The purge to end all purges continues. If it's not nailed down or registering a steady pulse, out it goes.
When I'm in robo-purge mode, I can be nothing short of dangerous. The kids are nervous though I've assured them again and gain that I'm doing nothing with the things we actually use. Even Dave is walking around with an alarmed look on his face. But here's my take: Why box up and move things you did not need in the old house, will not need in the new house, did not, in point of fact, even know that you owned?
Once again, I am amazed, confused, perplexed, etc. that there is any stuff left to deal with. Forget the Forty Bags in Forty Days deal -- we've been hauling it away by the truckload. I'm guessing 8-10 truckloads so far.
Dare I say it? We are near the end.
I have tackled every room. I have tackled every closet save two. I have some stuff on hooks behind a door to peruse. There may be a stray box or two in the dusty recesses of the attic (which, for the record, are no longer dusty, really. I've been spending some quality time with ye olde shop vac).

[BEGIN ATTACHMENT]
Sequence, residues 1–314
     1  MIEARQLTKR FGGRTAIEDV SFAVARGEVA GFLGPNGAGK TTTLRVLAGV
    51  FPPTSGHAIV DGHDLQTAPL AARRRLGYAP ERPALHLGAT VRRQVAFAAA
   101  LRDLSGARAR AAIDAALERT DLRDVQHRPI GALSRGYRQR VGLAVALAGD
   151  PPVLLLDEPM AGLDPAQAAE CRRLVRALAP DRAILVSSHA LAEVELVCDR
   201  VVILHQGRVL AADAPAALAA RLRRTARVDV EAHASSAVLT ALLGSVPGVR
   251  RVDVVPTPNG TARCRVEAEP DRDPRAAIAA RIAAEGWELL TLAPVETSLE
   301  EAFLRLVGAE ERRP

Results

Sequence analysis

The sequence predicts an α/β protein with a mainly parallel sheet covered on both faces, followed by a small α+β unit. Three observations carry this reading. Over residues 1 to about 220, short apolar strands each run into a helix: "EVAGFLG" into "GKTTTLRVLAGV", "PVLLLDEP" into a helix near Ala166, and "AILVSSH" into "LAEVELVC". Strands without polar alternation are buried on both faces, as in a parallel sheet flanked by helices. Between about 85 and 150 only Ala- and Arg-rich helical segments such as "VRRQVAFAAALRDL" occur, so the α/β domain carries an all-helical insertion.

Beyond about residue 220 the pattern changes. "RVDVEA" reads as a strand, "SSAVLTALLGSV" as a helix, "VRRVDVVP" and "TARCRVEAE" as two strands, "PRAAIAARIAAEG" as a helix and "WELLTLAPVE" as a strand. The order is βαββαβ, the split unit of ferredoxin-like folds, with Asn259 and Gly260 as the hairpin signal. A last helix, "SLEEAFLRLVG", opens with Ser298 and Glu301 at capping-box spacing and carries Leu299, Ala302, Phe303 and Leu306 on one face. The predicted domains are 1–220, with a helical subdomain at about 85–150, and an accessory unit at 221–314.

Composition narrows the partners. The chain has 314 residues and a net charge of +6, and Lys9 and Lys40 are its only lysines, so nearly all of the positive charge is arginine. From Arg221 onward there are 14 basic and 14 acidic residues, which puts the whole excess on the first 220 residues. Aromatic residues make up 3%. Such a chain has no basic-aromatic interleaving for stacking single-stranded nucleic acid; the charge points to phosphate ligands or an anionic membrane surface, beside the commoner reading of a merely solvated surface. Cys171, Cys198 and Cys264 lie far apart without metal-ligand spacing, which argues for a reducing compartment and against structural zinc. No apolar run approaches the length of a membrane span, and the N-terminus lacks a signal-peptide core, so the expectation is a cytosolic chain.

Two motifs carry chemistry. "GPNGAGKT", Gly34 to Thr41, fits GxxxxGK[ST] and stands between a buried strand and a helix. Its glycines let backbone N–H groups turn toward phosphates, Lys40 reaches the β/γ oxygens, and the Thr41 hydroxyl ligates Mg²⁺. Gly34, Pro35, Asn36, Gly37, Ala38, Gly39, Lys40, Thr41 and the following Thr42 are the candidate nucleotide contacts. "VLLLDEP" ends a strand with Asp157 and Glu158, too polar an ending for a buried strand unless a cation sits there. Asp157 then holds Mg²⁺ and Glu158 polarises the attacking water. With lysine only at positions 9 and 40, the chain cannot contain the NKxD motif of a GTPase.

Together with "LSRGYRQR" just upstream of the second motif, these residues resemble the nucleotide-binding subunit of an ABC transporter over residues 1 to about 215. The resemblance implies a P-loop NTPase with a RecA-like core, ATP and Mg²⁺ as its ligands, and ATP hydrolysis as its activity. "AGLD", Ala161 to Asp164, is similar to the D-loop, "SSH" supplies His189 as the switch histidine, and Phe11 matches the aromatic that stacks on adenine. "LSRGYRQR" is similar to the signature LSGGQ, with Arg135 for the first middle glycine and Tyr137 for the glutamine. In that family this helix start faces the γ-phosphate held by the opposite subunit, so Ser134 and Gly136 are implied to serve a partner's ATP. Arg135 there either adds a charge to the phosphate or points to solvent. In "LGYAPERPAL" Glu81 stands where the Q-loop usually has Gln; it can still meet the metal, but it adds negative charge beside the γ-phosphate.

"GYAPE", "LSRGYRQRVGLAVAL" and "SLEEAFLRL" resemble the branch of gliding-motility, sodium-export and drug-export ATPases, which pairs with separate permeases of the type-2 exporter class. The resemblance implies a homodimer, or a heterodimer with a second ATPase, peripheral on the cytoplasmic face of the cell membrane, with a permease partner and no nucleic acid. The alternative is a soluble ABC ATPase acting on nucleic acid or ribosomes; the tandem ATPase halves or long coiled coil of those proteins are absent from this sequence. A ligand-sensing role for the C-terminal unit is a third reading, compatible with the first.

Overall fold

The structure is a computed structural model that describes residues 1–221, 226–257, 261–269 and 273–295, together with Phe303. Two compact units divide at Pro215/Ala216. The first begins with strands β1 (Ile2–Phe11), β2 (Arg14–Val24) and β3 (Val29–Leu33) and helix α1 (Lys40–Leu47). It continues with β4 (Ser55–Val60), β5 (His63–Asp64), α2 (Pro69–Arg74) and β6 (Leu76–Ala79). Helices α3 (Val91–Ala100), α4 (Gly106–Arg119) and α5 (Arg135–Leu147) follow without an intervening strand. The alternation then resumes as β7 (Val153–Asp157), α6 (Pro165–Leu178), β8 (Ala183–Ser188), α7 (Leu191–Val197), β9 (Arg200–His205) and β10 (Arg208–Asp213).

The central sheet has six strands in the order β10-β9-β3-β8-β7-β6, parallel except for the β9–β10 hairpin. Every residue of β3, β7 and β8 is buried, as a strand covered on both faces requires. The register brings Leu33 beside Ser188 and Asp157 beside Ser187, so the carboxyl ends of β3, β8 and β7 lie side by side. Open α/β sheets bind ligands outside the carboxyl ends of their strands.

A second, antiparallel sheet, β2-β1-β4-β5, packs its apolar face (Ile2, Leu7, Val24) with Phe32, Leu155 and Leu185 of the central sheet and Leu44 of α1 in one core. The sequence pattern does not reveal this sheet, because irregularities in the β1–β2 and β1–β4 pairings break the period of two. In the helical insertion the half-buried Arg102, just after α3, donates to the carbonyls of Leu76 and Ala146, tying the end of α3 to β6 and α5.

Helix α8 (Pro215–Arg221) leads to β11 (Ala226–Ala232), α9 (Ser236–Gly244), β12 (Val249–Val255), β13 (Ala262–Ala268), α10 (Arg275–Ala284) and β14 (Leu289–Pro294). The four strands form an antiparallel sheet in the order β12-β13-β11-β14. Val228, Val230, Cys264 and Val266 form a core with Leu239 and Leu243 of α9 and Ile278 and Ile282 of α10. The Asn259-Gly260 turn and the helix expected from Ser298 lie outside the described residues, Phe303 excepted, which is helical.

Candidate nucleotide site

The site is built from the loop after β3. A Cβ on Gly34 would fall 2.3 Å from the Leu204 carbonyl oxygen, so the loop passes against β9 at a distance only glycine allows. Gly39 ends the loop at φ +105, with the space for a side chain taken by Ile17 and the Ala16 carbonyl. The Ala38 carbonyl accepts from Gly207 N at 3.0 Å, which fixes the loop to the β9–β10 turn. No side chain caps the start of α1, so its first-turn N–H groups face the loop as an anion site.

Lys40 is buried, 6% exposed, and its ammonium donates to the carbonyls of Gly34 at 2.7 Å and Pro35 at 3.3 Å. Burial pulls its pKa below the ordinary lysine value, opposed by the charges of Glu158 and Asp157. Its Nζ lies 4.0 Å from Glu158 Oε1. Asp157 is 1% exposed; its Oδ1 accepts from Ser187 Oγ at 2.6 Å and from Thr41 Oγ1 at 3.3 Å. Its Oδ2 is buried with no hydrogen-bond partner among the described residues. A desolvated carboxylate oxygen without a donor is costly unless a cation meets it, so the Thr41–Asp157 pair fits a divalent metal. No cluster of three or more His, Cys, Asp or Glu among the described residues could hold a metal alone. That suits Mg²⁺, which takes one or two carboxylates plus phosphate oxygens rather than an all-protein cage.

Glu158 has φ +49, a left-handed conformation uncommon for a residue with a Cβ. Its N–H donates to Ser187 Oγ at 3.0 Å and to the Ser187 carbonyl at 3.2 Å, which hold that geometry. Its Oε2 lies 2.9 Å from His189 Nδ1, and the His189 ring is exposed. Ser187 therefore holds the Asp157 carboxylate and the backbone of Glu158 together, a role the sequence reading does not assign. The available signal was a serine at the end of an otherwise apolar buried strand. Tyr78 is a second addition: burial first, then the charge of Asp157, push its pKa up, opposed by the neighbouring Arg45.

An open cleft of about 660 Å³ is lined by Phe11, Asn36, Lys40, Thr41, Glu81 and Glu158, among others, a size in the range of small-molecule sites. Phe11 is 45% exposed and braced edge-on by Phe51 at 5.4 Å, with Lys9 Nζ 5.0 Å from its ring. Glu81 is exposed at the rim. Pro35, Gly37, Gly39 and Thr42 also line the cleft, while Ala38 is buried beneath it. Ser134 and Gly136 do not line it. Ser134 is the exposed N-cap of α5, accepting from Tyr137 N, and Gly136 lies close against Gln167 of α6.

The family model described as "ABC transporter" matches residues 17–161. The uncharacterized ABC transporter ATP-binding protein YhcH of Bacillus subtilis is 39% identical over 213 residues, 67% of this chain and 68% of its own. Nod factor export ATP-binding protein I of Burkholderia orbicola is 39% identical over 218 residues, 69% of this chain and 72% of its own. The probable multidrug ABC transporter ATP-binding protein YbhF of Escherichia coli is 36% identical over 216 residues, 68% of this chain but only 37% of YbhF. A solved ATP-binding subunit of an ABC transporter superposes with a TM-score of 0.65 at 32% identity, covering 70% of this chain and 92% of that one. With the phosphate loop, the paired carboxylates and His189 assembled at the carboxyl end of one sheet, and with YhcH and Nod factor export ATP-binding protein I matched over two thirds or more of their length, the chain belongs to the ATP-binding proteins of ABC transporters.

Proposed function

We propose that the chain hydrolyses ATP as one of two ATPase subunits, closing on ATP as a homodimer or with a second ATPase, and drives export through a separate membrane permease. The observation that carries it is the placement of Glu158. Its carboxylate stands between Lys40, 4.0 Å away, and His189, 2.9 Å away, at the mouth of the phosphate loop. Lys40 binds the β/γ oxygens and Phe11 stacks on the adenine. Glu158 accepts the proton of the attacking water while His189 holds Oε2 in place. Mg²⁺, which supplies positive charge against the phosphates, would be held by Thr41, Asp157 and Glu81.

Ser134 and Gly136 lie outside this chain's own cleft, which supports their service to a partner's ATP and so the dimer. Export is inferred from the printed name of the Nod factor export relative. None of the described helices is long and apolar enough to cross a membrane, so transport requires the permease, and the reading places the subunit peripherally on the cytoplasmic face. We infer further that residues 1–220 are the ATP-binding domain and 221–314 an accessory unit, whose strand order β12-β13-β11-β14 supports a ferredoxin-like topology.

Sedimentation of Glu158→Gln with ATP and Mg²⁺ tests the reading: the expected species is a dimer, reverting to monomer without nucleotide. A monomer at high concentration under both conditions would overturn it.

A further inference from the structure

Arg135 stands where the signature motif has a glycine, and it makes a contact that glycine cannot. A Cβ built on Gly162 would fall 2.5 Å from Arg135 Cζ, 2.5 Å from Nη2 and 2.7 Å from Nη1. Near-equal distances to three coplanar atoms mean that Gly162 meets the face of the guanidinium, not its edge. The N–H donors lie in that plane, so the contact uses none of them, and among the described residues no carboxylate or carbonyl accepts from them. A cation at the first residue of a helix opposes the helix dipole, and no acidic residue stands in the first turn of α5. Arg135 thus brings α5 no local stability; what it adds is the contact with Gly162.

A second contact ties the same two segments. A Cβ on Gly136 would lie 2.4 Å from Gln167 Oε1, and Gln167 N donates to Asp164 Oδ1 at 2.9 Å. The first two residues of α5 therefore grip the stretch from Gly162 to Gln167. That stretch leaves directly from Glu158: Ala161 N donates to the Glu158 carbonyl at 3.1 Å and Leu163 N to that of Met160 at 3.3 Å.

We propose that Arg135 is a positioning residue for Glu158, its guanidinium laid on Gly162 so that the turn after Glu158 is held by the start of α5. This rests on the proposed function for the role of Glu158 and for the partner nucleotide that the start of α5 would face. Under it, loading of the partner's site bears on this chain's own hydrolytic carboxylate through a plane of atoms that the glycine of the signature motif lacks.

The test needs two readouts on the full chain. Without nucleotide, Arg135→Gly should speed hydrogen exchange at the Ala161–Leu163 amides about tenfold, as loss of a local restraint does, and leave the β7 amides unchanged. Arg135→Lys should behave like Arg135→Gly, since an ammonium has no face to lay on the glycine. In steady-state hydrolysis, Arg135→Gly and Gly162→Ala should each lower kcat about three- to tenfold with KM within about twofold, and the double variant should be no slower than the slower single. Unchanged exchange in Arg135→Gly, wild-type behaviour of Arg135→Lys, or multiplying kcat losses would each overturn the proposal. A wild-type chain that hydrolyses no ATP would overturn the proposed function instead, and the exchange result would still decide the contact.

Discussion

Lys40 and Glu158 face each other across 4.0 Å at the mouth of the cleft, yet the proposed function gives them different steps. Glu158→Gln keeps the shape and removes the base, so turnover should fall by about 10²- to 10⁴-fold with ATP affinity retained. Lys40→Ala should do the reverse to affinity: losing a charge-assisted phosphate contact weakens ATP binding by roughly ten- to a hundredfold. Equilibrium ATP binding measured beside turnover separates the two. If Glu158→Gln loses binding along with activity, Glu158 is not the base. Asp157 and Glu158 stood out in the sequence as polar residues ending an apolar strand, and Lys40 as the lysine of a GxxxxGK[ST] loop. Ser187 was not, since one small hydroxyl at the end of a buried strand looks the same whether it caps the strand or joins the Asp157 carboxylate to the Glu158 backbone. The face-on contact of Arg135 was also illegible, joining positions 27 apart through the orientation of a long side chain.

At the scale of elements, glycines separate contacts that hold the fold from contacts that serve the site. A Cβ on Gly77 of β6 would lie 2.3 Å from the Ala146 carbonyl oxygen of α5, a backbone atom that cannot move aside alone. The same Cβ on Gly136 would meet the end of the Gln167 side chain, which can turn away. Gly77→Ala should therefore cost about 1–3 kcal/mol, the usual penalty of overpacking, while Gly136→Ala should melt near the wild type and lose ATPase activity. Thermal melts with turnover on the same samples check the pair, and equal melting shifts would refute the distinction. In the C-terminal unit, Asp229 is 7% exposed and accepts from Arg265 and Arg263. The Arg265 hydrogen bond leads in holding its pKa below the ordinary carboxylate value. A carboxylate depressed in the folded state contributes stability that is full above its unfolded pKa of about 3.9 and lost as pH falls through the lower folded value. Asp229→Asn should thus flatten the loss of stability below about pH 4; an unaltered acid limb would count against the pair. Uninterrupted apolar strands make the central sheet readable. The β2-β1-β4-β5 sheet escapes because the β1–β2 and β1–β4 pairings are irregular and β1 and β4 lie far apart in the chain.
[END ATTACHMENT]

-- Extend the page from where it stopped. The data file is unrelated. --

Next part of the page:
We are near the end.
I could write an epic post covering nothing but the books. Oh, the books! As I excavated one closet, I hit the mother-lode. Here is a rough tally:
-- Books that I owned multiple copies of: 1984 - five copies, War of the Worlds - four copies, Hamlet - three copies, For Whom the Bell Tolls - three copies. And the list goes on.
-- Books I have recently purchased, but in fact already owned: Moby Dick, Pride and Prejudice, The Scarlet Letter, A Farewell to Arms, For Whom the Bell Tolls. And the list goes on.
-- Books I've recently checked out of the library, but already own -- The Great Gatsby. Actually, there were so many of these, I've lost track.
-- Book I do not need to purchase next year: Tess of the D'urbervilles.
The good news is that I found a whole stash I'm ready to hand over to Tim: Mere Christianity, Exodus, Lord of the Flies, Utopia.
The boy is a bookworm just like his Mama.